Professional Resource

Early Intervention and Telehealth during the COVID-19 Crisis: A Guide for EI Providers

May 1, 2020

These talking points support conversations between Early Intervention providers and parents on the importance of children receiving EI services during this time.

by Alison Chavez, MA

The COVID-19 crisis has created stress, uncertainty, and anxiety for many families and Early Intervention (EI) providers. As EI services move to telehealth across the United States, EI providers may notice a variety of reactions from parents and caregivers who are adjusting to the change in service delivery – even as they themselves are adjusting to this transition. Parents may have concerns about telehealth such as “One hour is too long for my little one to sit in front of a screen” and “Having an online session is stressful, why can’t EI services just wait until this pandemic is over?”

The purpose of this article and the accompanying handout is to support conversations between EI providers and parents on the importance of children receiving EI services during this time. Here are some talking points—backed by the science of child development—on why continuing with EI services or beginning EI services may be a good idea for many families. We also present different strategies that EI providers can use to share this information with families.

The suggested talking points below can be used with the accompanying resource: Why Tele-Early Intervention is a Great Idea for Your Family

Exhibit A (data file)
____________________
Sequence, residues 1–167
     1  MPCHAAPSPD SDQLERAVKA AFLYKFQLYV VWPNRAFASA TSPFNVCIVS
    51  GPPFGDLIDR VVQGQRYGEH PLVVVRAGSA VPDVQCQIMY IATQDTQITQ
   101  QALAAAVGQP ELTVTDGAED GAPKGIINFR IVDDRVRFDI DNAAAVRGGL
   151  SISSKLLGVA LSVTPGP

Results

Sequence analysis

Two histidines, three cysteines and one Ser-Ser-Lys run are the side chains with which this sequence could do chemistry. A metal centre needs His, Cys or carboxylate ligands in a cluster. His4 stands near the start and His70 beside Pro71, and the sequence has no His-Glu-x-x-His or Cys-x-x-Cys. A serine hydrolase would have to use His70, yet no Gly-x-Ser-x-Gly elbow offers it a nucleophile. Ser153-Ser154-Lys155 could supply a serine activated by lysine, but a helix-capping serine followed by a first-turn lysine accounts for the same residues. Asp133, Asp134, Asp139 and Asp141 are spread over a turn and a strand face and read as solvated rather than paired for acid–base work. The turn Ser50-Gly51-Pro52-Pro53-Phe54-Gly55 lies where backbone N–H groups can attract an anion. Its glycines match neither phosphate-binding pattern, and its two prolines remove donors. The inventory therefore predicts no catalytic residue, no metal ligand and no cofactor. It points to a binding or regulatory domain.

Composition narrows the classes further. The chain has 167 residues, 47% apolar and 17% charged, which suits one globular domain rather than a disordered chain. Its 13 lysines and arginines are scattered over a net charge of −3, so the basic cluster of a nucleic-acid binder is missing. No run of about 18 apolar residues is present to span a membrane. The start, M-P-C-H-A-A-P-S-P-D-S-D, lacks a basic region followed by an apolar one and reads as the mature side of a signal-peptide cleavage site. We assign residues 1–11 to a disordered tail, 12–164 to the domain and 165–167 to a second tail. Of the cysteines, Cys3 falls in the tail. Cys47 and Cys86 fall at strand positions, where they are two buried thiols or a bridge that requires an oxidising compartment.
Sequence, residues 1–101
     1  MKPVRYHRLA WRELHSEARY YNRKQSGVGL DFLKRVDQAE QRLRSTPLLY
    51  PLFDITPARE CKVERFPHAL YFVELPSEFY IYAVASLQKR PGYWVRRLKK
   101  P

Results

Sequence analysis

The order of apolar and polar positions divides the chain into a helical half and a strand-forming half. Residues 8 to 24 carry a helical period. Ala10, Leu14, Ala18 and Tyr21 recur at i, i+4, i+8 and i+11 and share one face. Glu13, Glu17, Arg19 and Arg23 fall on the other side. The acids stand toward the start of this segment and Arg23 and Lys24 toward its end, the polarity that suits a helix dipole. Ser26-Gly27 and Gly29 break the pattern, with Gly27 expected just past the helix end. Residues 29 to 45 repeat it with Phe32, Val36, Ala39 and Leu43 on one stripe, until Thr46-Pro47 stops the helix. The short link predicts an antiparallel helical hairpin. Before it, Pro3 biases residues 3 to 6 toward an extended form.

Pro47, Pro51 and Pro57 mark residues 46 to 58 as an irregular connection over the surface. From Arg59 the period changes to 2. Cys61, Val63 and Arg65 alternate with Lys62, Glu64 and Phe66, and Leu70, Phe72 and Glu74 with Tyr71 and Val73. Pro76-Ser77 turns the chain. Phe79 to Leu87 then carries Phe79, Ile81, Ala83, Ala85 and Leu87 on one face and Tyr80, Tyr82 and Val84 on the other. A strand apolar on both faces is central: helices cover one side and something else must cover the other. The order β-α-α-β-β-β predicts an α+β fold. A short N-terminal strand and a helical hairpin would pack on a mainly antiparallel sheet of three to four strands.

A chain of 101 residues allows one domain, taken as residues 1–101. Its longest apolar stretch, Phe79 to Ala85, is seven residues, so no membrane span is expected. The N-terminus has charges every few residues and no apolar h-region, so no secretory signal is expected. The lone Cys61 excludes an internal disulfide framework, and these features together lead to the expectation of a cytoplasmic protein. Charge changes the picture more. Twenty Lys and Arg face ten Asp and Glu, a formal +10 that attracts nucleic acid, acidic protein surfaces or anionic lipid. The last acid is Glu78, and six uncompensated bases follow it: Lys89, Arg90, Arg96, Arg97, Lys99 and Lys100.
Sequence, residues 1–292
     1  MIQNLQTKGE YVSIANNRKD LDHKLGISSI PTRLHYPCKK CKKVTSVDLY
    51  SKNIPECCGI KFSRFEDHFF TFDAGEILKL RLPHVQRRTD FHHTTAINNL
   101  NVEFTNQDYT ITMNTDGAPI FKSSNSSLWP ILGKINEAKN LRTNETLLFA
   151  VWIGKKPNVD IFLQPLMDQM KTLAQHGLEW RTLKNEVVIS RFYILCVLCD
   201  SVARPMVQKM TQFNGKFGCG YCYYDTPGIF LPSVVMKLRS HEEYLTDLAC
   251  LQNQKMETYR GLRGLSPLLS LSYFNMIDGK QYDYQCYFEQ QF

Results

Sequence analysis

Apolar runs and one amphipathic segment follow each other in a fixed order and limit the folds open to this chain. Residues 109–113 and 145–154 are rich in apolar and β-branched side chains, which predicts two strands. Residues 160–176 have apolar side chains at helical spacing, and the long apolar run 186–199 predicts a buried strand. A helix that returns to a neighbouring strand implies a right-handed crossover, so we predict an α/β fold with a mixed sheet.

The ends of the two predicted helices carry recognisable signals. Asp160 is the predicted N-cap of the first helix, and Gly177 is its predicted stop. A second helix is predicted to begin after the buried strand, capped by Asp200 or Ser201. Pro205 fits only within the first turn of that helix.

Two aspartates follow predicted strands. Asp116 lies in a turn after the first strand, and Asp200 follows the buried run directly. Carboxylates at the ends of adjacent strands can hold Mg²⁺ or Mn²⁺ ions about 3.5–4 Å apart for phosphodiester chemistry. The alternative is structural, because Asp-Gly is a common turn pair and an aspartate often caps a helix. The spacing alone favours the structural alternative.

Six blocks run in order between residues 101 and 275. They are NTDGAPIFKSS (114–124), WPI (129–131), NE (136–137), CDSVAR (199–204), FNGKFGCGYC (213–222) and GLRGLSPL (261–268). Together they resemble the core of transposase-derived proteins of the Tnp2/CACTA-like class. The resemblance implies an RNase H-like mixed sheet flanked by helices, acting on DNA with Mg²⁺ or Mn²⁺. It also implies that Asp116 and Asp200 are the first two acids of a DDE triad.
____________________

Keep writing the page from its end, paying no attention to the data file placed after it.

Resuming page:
The first 3 years are a time of rapid developmental progress for children.

The years from birth to 3 are an important time for setting foundational behaviors for later developmental growth. Children’s interactions with parents and other adults at this stage can set them up to be better prepared for learning at school. Early experiences with play can also help children to develop healthy social and emotional skills.

How can EI providers can use this talking point with families:
Telehealth gives providers the opportunity to notice the child’s play behaviors in their home with parents. Seeing these natural interactions allows EI providers to help parents tailor their child’s play experiences to optimize developmental progress and school readiness. In your sessions with parents, ask questions about the parent’s goals for their child and the family’s values. Listening to parents’ expectations and consulting with colleagues or supervisors at your EI agency can help you collaborate with parents to working toward shared goals for the child. Reflective practices at the EI agency level can help you, as the provider, reach these goals.

Keeping structure is helpful for children.

If your child was in EI services, consider those a part of your child’s routine. If you are now thinking about starting EI services, building routines can help you and your child cope during stressful times. Structure helps children feel supported and can help them build confidence because they know what to expect.

How can EI providers can use this talking point with families:
EI providers can work with families to develop a daily routine that is consistent but flexible. EI providers can work with parents to create a visual schedule to let their child know what to expect in a day. A schedule can include structured activities, like having an EI session, and unstructured ones, like free play time. Schedules should include basic activities of living, like getting dressed and brushing one’s teeth. EI providers can help parents think about what activities may be good for each child, such as exercise times for energetic kids.